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In a tragic incident, a sweeper in Karnataka's Mandya district died by suicide on Tuesday, February 23, three months after being allegedly forced to clean the manhole with his bare hands by the municipal council officials.
In his suicide note, 37-year-old Narayana blamed the Maddur town municipality's top officials for harassing him to declare that he had voluntarily undergone cleaning the manhole without safety gear. The officials had forced him to clean the manhole without gloves, mask or other cleaning equipment, reported The Times of India.
After the incident of manual scavenging made headlines in the media, the city administration ordered an inquiry against the officials and City Municipal Council (CMC) President Suresh Kumar, as named in the suicide note. The deceased also named the chief officer, Murugesh, and the health inspector, Ghasim Khan, in his note.
The victim was being hounded since November 2020. A case has been registered against the accused under the Scheduled Caste and Scheduled Tribe (Prevention of Atrocities) Act and abetment to suicide.
The officials also withheld Narayana's salary for months and placed him under suspension for petty reasons after he refused to take responsibility, his colleagues told the media.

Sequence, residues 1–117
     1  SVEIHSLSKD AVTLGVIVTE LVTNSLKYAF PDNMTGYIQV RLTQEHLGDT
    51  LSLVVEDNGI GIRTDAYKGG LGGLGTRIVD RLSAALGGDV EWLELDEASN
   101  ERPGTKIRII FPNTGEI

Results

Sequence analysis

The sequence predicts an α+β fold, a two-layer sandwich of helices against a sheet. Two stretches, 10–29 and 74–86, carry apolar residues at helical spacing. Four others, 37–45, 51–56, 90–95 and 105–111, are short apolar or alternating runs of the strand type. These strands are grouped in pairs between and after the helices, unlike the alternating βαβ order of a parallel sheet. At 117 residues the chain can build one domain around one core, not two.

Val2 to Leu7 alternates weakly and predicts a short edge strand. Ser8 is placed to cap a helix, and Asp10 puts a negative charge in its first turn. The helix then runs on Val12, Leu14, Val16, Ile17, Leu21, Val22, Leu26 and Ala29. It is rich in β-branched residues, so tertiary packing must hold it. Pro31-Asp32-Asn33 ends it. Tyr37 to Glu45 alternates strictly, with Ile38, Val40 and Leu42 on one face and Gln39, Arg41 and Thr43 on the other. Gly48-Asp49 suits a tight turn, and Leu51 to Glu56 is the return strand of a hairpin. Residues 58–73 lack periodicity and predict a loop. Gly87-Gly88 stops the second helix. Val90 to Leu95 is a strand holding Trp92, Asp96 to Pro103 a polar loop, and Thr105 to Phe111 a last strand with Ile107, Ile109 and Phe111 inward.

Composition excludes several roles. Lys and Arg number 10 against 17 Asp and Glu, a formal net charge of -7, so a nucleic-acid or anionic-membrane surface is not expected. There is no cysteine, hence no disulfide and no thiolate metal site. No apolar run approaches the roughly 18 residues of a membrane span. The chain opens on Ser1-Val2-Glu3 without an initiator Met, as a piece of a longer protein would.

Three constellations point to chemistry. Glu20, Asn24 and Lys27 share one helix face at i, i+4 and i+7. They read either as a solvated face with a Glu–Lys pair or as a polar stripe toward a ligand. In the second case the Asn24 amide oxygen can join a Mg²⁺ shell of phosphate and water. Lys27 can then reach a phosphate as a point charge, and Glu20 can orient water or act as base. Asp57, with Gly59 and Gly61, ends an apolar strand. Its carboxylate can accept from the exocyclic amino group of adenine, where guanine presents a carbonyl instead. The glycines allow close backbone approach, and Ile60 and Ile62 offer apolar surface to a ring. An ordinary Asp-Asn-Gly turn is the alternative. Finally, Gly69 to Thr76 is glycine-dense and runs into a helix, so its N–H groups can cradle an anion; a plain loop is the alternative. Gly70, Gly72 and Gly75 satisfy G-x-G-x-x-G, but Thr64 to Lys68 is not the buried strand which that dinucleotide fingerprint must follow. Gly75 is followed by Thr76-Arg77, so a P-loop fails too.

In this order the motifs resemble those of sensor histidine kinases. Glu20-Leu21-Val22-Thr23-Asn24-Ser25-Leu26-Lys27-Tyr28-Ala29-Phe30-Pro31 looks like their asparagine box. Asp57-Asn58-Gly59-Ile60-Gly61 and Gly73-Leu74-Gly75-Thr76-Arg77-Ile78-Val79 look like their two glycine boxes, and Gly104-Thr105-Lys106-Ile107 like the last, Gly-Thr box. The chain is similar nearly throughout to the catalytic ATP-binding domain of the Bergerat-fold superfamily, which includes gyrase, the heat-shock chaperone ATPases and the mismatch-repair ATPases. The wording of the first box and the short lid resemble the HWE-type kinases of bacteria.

The deceased's body was taken before the CMC after the autopsy, where sweepers staged a protest, alleging apathy by officials. The officials have received massive flak for harassing the victim for over three months.
Karnataka Urban Local Bodies' Outsource Employees Union (KULBEOU) held the administration responsible for not taking immediate legal action against the erring officers and the CMC president, claiming that Narayana would have been alive if appropriate action was taken.
The union called for a strike on February 26, demanding action against the officials involved in Narayana's harassment. The strike might become indefinite if the police don't conduct a proper investigation, the union added. The protesters have also demanded compensation for Narayana's family. He is survived by his wife and three children.
Despite provisions in the law, manual scavenging continues unabated in India. According to the report, the year 2019 saw the highest number of manual scavenging deaths in the past five years, with nearly 110 workers killed while cleaning sewers and septic tanks.
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